I was surprised by the articles on the bombing of Hiroshima and Nagasaki. New York Times reporter William Lawrence was allowed to go on the mission over Nagasaki. He was not on the plane that dropped the bomb, but was in one of the other B-29 Superfortresses that were part of the mission. Lawrence’s story was published September 9, 1945, exactly one month later. Lawrence was also allowed to tour the ruins of Hiroshima. His article on the experience was published September 5, 1945. I was surprised how candid these articles were and how quickly they were published. Apparently military secrecy evaporated rapidly once WWII was over.
Another thing that surprised me was that some stories were newsworthy more recently than I would have thought. I suppose I underestimated how long it took to work out the consequences of a major discovery. I think we’re also biased to think that whatever we learned as children must have been known for generations, even though the dust may have only settled shortly before we were born.
Paul Halmos divided progress in math into three categories: concepts, explosions, and developments. This was in his 1990 article “Has progress in mathematics slowed down?”. (His conclusion was no.) This three-part classification not limited to math and could be useful in other areas.
Concepts are organizational ideas, frameworks, new vocabulary. Some of his examples were category theory and distributions (generalized functions).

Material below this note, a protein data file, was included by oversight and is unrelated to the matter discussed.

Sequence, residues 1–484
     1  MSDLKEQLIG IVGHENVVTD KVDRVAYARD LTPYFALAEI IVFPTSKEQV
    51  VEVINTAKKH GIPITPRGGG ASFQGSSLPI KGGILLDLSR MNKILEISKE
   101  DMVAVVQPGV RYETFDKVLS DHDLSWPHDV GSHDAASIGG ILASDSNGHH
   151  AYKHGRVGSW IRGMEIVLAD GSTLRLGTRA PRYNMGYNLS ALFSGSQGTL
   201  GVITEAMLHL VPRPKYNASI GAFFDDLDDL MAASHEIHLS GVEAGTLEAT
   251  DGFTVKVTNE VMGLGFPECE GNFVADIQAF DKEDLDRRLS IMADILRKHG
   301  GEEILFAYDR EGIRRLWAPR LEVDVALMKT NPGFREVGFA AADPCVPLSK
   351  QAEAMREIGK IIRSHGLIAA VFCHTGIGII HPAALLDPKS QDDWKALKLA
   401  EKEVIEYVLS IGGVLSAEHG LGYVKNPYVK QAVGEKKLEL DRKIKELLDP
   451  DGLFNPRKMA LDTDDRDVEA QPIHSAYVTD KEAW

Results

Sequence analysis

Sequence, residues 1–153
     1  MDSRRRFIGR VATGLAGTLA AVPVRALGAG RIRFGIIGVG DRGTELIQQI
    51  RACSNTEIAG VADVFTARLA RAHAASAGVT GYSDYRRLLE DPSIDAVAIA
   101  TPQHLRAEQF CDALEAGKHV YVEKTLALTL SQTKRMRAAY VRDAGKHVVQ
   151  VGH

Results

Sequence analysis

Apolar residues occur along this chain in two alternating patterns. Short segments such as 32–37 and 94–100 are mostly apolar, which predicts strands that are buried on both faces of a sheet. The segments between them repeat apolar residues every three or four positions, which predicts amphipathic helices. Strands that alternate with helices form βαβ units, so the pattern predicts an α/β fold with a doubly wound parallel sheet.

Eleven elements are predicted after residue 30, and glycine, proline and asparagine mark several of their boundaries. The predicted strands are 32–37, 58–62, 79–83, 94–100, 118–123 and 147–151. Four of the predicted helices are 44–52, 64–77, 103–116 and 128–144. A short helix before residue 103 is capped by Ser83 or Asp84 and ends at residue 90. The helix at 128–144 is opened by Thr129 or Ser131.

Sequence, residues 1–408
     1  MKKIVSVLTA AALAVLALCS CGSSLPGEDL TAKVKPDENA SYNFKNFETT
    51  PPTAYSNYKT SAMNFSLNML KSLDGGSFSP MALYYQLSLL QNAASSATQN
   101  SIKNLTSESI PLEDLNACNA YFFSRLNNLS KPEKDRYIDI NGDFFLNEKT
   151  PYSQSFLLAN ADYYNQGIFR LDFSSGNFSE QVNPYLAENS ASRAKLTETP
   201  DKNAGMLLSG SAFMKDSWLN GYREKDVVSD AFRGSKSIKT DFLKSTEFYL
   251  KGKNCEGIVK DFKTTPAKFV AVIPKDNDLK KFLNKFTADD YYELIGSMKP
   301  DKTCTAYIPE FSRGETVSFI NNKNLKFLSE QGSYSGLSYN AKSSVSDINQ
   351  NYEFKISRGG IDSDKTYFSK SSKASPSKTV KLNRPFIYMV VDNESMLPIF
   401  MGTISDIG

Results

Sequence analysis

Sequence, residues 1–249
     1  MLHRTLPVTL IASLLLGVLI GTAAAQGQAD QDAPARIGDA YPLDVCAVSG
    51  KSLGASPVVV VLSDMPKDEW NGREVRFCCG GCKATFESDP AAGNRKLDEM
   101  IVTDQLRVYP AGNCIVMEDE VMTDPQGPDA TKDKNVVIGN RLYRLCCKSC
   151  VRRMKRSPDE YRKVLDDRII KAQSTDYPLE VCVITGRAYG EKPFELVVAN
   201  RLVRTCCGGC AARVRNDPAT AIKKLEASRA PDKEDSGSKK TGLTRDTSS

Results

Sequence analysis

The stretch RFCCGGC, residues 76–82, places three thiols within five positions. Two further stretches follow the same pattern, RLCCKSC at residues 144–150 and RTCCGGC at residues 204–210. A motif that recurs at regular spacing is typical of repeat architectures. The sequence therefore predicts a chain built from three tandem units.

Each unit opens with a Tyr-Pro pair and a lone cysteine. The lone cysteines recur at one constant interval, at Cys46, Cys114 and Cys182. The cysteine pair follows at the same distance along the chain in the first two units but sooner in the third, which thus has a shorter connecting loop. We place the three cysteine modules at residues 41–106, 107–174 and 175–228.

Explosions solve old problems and generate a lot of attention among mathematicians and in the popular press. As Halmos puts is, “hot news not only for the Transactions, but also for the Times for a day, for Time for a week, and for student mathematics clubs for many months.” He cites the solution to the Four Color Theorem as an example. He no doubt would have cited Fermat’s Last Theorem had he written his article five years later.
Developments are “deep and in some cases even breathtaking developments (but not explosions) of the kind that might not make the Times, but could possibly get Fields medals for their discoverers.” One example he gives is the Atiyah-Singer index theorem.
The popular impression of math and science is that progress is all about explosions though it’s more about concepts and developments.
Related: Birds and Frogs by Freeman Dyson [pdf]
“If you gonnna go into history, you can’t do it with a hate attitude. You got to remember, times was different.” — Deborah Lacks, daughter of Henrietta Lacks
From The Immortal Life of Henrietta Lacks
SIAM News arrived this afternoon and had an interesting story on the front page: Applying math to myth helps separate fact from fiction.
In a nutshell, the authors hope to get some insight into whether a myth is based on fact by seeing whether the social network of characters in the myth looks more like a real social network or like the social network in a work of deliberate fiction. For instance, the social networks of the Iliad and Beowulf look more like actual social networks than does the social network of Harry Potter. Real social networks follow a power law distribution more closely than do social networks in works of fiction.